• o Walker provides comparable-city rates for consideration but observes that many of the daily parking patrons at the Pine Street garage are tourists, many of whom may not be focused on the price of parking, and likely are more concerned with proximity to the Crayola Experience attraction. Thus, adjustment of rates for market reasonability may well cause an adverse effect to the system’s cash flow.
  • On and Off-site signage and wayfinding systems o Rate and other advertising signage is lacking at and near the off-street parking facilities. o Potential enhancements are addressed in this report.
  • Parking technology (current and proposed) o The WPS parking access and revenue control (“PARCS”) equipment in use at the Pine street and South Third Street facilities is not providing adequate revenue control and reporting. o Improvement opportunities are detailed in the report.
  • Public Outreach observations o Walker participated in two meetings, including a public presentation at City Hall and a second meeting the following week, coordinated by the Easton Main Street Initiative, which several local business leaders attended.

o Walker documents concerns raised by the public at those two meetings in this report.

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CITY OF EASTON PARKING FEASIBILITY STUDY 14-4298.00 Supply and Demand Analysis 01

CITY OF EASTON PARKING FEASIBILITY STUDY 14-4298.00 WALKER CONSULTANTS | 1 INTRODUCTION The City of Easton wishes to better understand the current and potential future factors that affect parking availability for the City’s residents, local businesses and visitors. To that end, the City contracted Walker Consultants to study Easton’s existing parking supply and demand, plus potential future scenarios, including the impact of new demand generators such as the prospective Da Vinci Science City attraction.

This report is divided into three sections, including: 1) Supply and Demand (existing and projected future) 2) Parking Operations – Off-street, On-Street and Administration 3) Parking Garage Feasibility Analysis, identifying five potential garage or surface lot improvements. Walker’s Supply and Demand analysis for existing and projected future scenarios follows below: DEFINITION OF TERMS Several terms in this section are parking jargon and may not be readily understood by the reader. Definitions of these terms appear below.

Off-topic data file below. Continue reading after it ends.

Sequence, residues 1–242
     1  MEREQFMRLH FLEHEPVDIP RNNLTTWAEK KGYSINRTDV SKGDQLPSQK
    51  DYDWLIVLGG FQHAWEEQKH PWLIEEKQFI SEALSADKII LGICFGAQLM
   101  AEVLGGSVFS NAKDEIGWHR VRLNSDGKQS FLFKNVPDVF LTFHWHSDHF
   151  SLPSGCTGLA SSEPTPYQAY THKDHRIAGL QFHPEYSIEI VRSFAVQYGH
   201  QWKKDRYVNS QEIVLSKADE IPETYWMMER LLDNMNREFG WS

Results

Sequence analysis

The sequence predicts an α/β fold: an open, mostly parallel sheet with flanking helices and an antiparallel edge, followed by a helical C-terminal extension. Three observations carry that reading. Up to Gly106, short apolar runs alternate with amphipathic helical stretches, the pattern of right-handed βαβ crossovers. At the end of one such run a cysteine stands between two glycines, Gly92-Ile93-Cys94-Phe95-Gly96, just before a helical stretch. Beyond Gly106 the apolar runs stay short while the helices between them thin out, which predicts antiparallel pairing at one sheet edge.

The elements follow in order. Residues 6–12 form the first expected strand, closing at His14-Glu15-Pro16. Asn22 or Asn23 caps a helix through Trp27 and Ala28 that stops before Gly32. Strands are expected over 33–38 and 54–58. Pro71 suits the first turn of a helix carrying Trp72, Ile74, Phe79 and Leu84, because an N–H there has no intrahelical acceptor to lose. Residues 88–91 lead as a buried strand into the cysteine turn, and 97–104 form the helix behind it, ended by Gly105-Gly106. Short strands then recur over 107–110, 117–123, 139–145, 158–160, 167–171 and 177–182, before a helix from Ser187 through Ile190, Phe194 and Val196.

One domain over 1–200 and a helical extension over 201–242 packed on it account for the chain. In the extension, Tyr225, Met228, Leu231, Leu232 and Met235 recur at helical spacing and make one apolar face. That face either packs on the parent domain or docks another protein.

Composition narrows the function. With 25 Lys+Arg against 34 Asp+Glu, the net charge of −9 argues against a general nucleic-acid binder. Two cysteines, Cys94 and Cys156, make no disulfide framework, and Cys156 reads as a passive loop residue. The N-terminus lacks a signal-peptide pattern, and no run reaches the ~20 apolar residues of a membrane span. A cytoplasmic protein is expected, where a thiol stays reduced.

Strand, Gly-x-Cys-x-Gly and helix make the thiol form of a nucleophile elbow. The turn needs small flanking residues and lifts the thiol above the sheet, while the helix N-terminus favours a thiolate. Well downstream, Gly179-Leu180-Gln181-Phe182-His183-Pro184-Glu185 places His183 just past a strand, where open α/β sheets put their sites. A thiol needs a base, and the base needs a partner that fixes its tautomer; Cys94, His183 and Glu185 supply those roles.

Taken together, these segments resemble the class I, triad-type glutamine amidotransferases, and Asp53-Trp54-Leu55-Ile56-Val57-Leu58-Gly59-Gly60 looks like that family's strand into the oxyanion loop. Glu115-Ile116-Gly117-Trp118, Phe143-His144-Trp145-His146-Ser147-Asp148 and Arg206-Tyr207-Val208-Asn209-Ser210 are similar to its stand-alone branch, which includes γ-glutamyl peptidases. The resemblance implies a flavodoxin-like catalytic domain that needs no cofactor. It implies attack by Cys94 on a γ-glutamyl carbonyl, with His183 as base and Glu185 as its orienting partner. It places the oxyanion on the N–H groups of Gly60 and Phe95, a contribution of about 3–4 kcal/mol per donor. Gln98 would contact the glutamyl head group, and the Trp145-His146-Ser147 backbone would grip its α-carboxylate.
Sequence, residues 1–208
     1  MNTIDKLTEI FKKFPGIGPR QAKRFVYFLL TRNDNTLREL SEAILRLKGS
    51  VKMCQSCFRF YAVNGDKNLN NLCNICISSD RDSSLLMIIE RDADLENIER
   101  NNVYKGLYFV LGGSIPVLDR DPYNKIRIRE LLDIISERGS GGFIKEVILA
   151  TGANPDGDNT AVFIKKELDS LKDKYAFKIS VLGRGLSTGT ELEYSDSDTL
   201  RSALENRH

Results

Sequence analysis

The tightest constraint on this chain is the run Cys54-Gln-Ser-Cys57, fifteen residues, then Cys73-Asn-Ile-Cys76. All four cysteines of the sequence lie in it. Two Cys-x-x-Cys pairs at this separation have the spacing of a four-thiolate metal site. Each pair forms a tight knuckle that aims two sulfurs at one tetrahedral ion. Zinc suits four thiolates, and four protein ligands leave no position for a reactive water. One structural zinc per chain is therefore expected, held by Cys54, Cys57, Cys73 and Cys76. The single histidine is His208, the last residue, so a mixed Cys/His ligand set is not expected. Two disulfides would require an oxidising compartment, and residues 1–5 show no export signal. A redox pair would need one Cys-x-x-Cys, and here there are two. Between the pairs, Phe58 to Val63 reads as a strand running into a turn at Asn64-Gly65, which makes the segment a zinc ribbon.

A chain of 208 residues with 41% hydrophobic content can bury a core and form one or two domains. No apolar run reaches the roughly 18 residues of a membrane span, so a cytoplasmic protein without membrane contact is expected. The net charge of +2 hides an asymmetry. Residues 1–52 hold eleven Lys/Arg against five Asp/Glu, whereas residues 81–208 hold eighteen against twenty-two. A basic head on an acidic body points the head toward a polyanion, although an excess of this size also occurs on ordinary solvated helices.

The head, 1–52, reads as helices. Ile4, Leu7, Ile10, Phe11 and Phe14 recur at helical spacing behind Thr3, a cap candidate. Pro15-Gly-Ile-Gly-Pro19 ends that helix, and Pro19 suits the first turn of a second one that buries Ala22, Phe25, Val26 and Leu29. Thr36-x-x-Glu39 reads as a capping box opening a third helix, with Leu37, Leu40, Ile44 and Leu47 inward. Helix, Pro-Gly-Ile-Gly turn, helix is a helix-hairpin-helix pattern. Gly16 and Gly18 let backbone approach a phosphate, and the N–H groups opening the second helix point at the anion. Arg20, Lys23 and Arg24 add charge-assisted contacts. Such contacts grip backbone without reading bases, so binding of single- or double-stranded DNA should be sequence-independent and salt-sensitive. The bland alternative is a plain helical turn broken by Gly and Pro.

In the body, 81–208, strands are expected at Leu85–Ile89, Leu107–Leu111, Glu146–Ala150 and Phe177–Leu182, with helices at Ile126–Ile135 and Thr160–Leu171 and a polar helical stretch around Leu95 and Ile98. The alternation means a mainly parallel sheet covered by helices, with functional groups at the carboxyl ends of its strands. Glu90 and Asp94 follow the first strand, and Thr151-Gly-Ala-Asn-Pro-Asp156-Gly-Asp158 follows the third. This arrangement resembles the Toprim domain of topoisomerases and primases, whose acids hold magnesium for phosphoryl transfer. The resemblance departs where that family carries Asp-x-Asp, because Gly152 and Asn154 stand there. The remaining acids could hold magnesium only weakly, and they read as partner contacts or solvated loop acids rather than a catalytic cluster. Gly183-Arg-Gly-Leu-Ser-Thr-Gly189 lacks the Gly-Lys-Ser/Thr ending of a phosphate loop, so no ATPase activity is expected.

• Demand – The number of spaces required to satisfy visitor, employee, and resident needs on a given day.
  • Demand Generator – Any building, structure, business, or attraction that brings individuals into the study area, thereby increasing parking demand and occupancy.
  • Drive Ratio – How people travel to a destination, listed as a percentage. Typical travel modes include private automobile, car pool, bus, or walking.
  • Effective or Operational Supply – The inventory adjusted by the optimum utilization factor.
  • Inventory – The total number of parking spaces counted during survey day observations within the study area.
  • Occupancy (Counts) – The number of vehicles observed parked on a survey day.
  • Optimum Utilization Factor – The occupancy rate at which a parking supply operates at peak efficiency. This factor allows patrons to spend less time looking for the last available spaces and allows for the dynamics of vehicles moving in and out of spaces. It also allows for spaces lost to poor or improper parking, snow removal, derelict vehicles, and spaces lost for repair.
  • Parking Adequacy – The difference between parking supply and demand.